The self-proclaimed Democratic Federation of Northern Syria (DFNS), or Rojava, was formed in 2016, although de facto it has existed since 2012. Added later was the hydrocarbon-rich left bank of the Euphrates, which had been cleared of militants of ISIL (an organization banned in the Russian Federation), and now the jurisdiction of the unrecognized DFNS extends to almost a third of the country’s territory.

From the very start the main threat to the existence of this predominantly Kurdish quasi-state came for obvious reasons from Turkey, where Turkish Kurds were set on securing autonomy. In addition, the most influential political force in Rojava, the Democratic Union Party, is affiliated with the Kurdistan Workers’ Party, and the latter has officially been declared a terrorist organization and unofficially – a number one enemy – in Turkey.

In January-March 2018, the Turkish army, backed by the Arab and Turkomanen allies, occupied part of the territory of Rojava (canton Afrin). And it looks like Ankara plans to settle on these territories: recently, Turkish President Recep Tayyip Erdogan reiterated that Afrin will be transferred to its residents “when the time comes” and that “this time will be set by us”. In the meantime, according to local media reports, the demographic situation in the canton is changing rapidly. Taking advantage of the fact that many Kurds left their homes at the approach of the Turkish army, the local (in fact, Turkish) administration is bringing in Arabs here, who, in many cases, are not Syrian Arabs.

Kurdish politicians, fully aware of the fact that amid Turkey, Iran and Syria maintaining statehood without outside assistance is hardly possible, opted for the patronage of Washington. And, as it seems, they lost.

In Syria, the Americans decided to replay the “Kosovo scenario”, by turning part of a sovereign state into a political structure, which is allied to them. Washington, which only recently excluded the People’s Protection Units (the armed wing of the Democratic Forces), from the list of terrorist organizations, argues, like Ankara, that its military personnel will remain in the region “for an indefinite period” to protect Kurdish territories from “aggression” on the part of Damascus. And from Ankara’s ambitions as well. But this is read between the lines.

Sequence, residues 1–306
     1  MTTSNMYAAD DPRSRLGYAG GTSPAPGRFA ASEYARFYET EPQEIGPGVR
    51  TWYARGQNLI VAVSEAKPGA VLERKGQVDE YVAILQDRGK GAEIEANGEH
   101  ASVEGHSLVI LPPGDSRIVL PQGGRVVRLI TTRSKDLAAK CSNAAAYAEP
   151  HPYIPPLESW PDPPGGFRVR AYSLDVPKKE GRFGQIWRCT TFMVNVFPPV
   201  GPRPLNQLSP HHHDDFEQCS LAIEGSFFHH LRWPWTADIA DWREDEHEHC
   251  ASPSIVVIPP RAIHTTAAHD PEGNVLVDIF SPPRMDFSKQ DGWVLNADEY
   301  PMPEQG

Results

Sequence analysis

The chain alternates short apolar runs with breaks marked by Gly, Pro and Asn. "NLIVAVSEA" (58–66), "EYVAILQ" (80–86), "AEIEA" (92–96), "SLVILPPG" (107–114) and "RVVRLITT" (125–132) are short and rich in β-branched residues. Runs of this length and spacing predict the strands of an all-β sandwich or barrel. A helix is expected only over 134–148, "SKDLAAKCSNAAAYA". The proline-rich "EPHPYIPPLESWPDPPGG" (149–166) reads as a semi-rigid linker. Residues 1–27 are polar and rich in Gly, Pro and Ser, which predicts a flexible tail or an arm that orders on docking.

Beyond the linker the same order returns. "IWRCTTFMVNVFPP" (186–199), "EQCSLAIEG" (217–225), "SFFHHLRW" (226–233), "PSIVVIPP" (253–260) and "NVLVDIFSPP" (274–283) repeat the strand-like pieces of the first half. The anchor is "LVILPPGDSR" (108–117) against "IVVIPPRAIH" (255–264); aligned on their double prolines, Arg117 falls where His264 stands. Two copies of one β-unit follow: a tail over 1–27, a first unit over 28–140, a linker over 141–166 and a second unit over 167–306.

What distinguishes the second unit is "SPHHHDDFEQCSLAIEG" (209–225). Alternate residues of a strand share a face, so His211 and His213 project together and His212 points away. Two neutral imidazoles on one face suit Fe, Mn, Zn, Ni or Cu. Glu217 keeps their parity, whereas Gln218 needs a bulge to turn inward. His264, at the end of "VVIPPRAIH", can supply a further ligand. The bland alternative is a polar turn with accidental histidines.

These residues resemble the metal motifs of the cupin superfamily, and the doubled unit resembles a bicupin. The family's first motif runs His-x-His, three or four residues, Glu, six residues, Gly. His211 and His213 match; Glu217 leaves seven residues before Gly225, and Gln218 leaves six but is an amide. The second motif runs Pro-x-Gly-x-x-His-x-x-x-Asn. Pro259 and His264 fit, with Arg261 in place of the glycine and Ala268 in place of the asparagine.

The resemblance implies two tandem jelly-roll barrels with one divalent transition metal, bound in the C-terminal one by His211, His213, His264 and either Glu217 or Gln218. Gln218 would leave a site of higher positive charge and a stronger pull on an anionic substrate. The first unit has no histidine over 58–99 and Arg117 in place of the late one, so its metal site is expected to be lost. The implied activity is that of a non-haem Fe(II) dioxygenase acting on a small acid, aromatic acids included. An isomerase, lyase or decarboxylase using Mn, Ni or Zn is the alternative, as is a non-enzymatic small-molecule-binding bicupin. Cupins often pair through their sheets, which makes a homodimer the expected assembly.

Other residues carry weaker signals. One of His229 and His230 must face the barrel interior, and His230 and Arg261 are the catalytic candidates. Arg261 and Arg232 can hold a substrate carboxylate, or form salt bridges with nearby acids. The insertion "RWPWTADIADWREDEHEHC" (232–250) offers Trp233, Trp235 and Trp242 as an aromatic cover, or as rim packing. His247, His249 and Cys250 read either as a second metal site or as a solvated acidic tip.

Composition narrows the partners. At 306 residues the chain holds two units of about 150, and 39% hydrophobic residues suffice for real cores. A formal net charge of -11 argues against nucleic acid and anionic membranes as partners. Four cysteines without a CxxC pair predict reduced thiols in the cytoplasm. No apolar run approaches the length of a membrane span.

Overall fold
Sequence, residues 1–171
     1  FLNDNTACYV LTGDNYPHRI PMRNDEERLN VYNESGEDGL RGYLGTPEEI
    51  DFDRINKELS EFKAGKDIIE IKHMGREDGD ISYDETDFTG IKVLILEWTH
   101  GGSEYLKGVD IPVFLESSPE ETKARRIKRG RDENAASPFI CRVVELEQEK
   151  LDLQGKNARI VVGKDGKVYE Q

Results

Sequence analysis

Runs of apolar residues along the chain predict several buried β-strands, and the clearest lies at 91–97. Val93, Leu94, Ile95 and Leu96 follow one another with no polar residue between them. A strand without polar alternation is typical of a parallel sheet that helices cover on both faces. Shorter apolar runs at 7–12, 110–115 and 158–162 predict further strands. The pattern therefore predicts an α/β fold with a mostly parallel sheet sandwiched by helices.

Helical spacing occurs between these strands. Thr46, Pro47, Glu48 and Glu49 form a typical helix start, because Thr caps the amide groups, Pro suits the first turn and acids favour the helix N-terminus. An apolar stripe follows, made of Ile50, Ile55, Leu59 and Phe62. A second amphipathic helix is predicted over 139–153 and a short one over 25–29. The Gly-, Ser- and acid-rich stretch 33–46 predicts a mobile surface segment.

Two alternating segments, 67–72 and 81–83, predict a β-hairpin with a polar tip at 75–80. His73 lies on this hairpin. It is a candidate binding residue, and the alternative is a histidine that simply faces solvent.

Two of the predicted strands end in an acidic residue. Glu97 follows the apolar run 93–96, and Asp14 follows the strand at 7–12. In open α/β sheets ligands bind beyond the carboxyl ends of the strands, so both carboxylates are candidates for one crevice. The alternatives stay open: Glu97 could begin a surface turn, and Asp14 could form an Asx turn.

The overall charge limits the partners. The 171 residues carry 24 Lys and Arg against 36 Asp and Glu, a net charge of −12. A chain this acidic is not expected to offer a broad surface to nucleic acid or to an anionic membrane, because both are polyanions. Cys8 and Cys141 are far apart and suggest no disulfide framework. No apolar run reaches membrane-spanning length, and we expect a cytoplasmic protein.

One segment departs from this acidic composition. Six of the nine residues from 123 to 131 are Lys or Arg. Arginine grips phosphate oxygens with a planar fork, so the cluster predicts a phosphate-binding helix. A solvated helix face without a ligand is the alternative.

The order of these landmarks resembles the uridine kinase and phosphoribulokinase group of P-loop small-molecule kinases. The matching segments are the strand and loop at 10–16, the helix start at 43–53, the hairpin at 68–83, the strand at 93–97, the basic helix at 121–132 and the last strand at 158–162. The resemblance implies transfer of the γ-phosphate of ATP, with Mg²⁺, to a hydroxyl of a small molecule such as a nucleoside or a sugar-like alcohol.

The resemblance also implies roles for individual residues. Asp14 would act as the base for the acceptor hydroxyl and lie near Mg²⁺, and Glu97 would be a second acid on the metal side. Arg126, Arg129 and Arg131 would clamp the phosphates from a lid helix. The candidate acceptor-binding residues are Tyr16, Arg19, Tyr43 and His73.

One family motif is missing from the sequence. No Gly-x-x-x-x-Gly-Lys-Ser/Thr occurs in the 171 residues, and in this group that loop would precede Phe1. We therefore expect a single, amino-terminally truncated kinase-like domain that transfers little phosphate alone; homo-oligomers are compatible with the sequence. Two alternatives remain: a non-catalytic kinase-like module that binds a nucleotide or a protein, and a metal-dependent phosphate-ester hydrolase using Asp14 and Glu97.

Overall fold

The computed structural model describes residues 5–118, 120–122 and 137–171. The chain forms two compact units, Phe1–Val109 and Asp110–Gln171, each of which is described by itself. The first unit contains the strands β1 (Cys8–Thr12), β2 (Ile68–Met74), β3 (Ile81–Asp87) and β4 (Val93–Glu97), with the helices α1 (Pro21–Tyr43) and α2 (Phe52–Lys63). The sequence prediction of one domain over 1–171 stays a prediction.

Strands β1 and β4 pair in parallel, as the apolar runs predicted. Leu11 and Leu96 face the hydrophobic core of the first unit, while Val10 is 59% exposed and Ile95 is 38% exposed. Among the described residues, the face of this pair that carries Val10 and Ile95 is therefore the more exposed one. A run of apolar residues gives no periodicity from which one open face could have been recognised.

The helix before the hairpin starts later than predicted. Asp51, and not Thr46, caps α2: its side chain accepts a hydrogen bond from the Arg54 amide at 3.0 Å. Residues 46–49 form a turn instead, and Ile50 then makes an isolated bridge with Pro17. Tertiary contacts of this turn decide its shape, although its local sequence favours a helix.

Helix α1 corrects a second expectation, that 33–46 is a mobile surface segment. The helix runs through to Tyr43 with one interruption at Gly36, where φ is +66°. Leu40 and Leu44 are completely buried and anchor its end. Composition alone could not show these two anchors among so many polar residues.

All this enabled Turkey to accuse the United States of supporting terrorism and relations between the two countries quickly deteriorated into a crisis. As mutual accusations, occasionally supported by political and economic demarches, persist, the parties, however, are beginning to look for common ground. Talks on June 4, 2018 in Washington between Turkish Foreign Minister Mevlut Cavusoglu and US Secretary of State Michael Pompeo resulted in a “road map” for the withdrawal of Kurdish forces from predominantly Arab Manbij, which Kurds regained control of from ISIL (an organization banned in Russia) two years ago. The next day, the Turkish minister announced that the Kurdish troops “… would retreat east of the Euphrates. However, this does not mean that we will agree that they stay there. ” On September 24, 2018, upon arriving at the UN General Assembly, Erdogan confirmed: Turkey will expand its sphere of influence in Syria, by including areas that are under control of the Kurdish armed units.

If Turkey does not change its rhetoric, then the assurances of the American authorities that the US troops will remain in Syria are intermingled with statements about the need for the withdrawal of its forces from this country. In any case, it is unlikely that the United States will choose to leave the region “to its own devices”. We can recall how Washington trumpeted the withdrawal of its troops from Afghanistan! But things haven’t budged an inch since then. The Afghanistan example demonstrates that the Americans will not move out of Syria that easily – they will not pull out in full, at least not of their own free will. US instructors and pilots will remain here “for an indefinite period.” But who will they care of and support? Here are the options:

Firstly, it could be a hypothetical “Arab NATO” with Saudi Arabia in the lead. But there are serious doubts as to the effectiveness of such a structure – even if we forget about the level of combat readiness of these kinds of coalitions (in Yemen, for example), Arab countries could unite only on an anti-Israeli platform. And that, as history shows, is unlikely to yield success. In addition to this, it is still unclear how Kurds, the majority of whom are not religious, will react to Wahhabi commanders.